What Happens if the US Credit Rating Is Downgraded?

“There is always a disposition in people’s minds to think the existing conditions will be permanent. When the market is down and dull, it is hard to make people believe that this is the prelude to a period of activity and advance. When the prices are up and the country is prosperous, it is always said that while preceding booms have not lasted, there are circumstances connected with this one, which make it unlike its predecessors and give assurance of permanency. The fact pertaining to all conditions is that they will change.” – Charles Dow, 1900


Treasuries continue to tell, what I think, is the real story of the economy. Most people who watch the market tend to minimize the risks involved in accumulating nearly $30 trillion in debt because 1) large-caps are still near record highs, so investors have mostly felt little pain and 2) record low interest rates have made this debt relatively serviceable for the time being. We haven’t heard much about the coming debt ceiling expiration at the end of this month as rising COVID threats and even infrastructure to a lesser degree capture headlines. Make no mistake about it though. You are going to hear a lot more about it soon and that is probably going to put pressure on Treasury rates to go even lower.

It is discouraging that both sides of the political aisle appear to be dug in for now, raising the risk that this situation could turn ugly quickly. The fact that the terms “extraordinary measures” and “technical default” and “running down cash balances” and “wiggle room” are showing up more and more in the financial media indicates that a credit downgrade and the consequences of hitting the debt ceiling without a resolution are very real and should not be ignored. Risk assets reacted quickly and negatively in 2011 when this happened the last time. It is possible it could happen again.


If you have not already, it is time to start taking a longer-term view of the financial markets and the economy. I understand that the Dow, the S&P 500 and Nasdaq 100 are at all-time highs and equity investors still maintain a healthy amount of bullishness, but it’s time to start paying attention to what the economic fundamentals are telling us. Wall Street enthusiasts always like to say, “this time is different”, but mean reversion almost always wins it in the end.


I have been griping about the possibility of a government debt downgrade for weeks now with the current suspension of the debt ceiling set to expire at the end of this month acting as the catalyst. While most people agree that an actual debt default is unlikely (even if the debt ceiling is not extended, the government still has cash to work with in the meantime and would almost certainly come to a resolution before a “catastrophic”, as Janet Yellen would put it, outcome were to occur), the odds of a rating downgrade by one of the major credit agencies is much more likely.


In fact, the rating agency Fitch has had one on its radar for nearly a year now.


Back in 2011, the three major agencies - S&P, Moody’s, and Fitch - placed a negative outlook on Treasury debt with S&P going all the way as to cutting the rating from AAA to AA+. By 2014, they all returned their outlooks to “stable” as the immediate debt ceiling crisis passed.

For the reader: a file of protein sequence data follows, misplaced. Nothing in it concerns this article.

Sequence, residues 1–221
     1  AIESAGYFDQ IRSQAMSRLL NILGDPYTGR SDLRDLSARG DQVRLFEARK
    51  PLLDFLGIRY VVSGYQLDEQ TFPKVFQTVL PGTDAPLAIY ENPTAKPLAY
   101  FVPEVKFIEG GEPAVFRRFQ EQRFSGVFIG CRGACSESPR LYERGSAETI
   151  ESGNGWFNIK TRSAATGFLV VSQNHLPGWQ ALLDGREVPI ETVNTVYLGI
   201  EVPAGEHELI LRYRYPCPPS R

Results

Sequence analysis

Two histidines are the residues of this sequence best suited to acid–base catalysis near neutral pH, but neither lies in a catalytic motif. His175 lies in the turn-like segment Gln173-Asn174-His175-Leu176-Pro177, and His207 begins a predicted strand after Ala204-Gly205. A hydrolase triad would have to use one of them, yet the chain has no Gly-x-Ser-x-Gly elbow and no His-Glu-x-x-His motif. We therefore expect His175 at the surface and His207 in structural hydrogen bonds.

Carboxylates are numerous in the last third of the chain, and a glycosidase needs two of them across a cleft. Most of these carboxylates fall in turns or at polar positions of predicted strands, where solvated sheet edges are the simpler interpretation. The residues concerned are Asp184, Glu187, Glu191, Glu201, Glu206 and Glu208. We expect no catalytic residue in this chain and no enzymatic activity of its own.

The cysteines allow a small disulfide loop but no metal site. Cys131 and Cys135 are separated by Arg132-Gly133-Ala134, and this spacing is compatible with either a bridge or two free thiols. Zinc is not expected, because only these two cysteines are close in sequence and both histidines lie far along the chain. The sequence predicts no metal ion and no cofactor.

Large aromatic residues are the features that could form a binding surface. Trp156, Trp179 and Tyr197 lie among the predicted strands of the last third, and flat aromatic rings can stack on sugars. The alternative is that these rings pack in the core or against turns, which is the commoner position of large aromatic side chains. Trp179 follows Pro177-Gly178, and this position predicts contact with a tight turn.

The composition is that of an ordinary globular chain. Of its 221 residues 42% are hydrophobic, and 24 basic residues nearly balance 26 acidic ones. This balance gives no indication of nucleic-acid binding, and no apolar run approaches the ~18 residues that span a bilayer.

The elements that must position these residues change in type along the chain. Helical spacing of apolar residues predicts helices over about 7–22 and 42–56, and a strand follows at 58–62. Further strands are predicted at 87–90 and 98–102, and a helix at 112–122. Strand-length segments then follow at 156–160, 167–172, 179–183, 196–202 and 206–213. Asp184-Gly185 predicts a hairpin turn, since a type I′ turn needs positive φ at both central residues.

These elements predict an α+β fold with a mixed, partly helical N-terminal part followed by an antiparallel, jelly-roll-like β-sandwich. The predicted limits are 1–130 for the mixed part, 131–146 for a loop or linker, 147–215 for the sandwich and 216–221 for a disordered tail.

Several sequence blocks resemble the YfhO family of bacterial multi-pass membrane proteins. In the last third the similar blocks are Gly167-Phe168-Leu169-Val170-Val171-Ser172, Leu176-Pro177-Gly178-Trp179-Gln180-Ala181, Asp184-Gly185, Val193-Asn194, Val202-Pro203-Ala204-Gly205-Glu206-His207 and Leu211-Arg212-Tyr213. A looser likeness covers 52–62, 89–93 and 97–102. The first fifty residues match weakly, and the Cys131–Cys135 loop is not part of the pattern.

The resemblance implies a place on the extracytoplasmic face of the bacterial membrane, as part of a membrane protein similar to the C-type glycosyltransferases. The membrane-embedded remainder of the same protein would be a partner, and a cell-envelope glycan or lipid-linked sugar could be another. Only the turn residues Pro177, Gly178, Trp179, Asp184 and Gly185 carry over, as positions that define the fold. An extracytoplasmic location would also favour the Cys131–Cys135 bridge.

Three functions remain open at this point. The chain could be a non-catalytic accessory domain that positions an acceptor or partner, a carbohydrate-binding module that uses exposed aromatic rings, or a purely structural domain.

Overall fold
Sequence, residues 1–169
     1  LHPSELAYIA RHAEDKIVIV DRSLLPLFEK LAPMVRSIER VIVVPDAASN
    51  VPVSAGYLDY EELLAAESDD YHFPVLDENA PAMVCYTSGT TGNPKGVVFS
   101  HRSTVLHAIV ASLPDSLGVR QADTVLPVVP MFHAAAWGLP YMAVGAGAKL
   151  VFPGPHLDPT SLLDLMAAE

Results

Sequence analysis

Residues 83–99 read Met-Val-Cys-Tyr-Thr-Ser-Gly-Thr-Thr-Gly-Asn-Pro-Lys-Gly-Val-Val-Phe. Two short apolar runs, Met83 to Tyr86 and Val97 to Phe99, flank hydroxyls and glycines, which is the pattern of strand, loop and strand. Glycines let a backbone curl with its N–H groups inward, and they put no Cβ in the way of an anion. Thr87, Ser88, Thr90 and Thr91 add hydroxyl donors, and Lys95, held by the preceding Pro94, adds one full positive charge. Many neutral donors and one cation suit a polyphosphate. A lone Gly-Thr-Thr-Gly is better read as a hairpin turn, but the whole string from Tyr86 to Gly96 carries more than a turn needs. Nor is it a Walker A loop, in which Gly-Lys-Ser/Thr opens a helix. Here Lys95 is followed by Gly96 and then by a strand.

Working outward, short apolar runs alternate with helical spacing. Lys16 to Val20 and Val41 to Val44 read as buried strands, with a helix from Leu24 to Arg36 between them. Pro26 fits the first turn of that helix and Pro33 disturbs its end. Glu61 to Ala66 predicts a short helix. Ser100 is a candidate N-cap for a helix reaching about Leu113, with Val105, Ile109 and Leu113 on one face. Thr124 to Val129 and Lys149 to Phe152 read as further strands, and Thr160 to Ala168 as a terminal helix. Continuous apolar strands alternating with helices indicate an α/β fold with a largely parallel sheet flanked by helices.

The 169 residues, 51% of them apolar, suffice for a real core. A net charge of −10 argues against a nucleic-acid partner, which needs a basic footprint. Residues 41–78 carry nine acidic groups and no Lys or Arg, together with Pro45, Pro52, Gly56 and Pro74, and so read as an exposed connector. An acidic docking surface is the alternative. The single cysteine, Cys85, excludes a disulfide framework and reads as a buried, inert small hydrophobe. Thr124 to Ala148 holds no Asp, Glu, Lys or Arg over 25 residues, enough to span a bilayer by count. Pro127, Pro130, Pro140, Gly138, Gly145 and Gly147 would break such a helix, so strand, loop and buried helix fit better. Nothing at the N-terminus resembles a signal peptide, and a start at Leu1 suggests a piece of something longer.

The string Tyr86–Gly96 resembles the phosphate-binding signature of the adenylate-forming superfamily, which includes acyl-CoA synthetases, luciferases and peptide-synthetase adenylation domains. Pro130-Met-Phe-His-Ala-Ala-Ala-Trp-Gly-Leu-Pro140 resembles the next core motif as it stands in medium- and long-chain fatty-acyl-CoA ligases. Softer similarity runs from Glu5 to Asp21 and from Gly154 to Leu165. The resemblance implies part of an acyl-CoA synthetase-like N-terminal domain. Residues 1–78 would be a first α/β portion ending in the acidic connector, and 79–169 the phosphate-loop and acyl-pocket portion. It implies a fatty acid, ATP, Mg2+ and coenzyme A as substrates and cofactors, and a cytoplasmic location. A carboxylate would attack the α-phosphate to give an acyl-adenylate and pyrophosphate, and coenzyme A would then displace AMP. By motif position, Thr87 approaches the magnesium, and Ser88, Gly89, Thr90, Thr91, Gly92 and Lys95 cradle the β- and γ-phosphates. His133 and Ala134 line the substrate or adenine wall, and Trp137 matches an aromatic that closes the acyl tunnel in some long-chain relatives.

Here is a CNN article on what happened in 2011


Fitch was the only one of the three to flip its outlook back to “negative” during the COVID pandemic. It cited a deterioration in U.S. public finances as well as the lack of any firm plan to address the growing debt - a situation that has only worsened as the U.S. debt closes in on the $30 trillion mark with additional large spending packages, including infrastructure, still on the table.


To understand how the debt ceiling fight could lead to a potential rating downgrade and a dollar devaluation, it is helpful to look at a step-by-step for how this could potentially play out. Here is what we know today.

  1. The federal government will soon have $30 trillion in total debt on its books. The average interest rate on this debt as of the end of 2020 was about 1.7%. That means the government can be expected to pay just over $0.5 trillion in 2021 alone servicing existing debt.

  2. The government takes in around $3.5 trillion in tax revenue annually, so $1 of every $7 taken in already goes towards interest payments. The Fed plans on leaving interest rates near zero until at least 2023. Even though the latest dot plot report suggested pulling the rate hike calendar forward, several Fed governors have worked to calm fears of higher rates by reinforcing a more dovish rhetoric. Tapering asset purchases could come much sooner, but there is no firm timeline yet.

  3. The 10-year Treasury yield is sitting at just under 1.4%. The current inflation rate is 5%, but it is expected to come back down to some degree as low base effects and supply chain issues wear off.

The government used to issue a more balanced mix of shorter-term and longer-term Treasuries to raise funds. That mix has turned progressively more short-term over the years to help minimize borrowing costs. From a financial standpoint, that is a good thing, but it makes U.S. debt more vulnerable to rising interest rates since low-rate debt will roll off the books faster.


That is also reflected in the average interest rate paid on U.S. Treasuries.


The average rate got up to around 5% just before the financial crisis but has been drifting lower pretty much ever since. The focus on Treasury bill borrowing to fund various stimulus packages has pushed the average borrowing rate down to around 1.7%. If rates rise and the average interest rate moves back to its pre-pandemic level of 2.5%, that adds another $240 billion in interest expense. Suddenly, that $1 of every $7 in tax revenue going towards interest expense turns into $1 of every $5.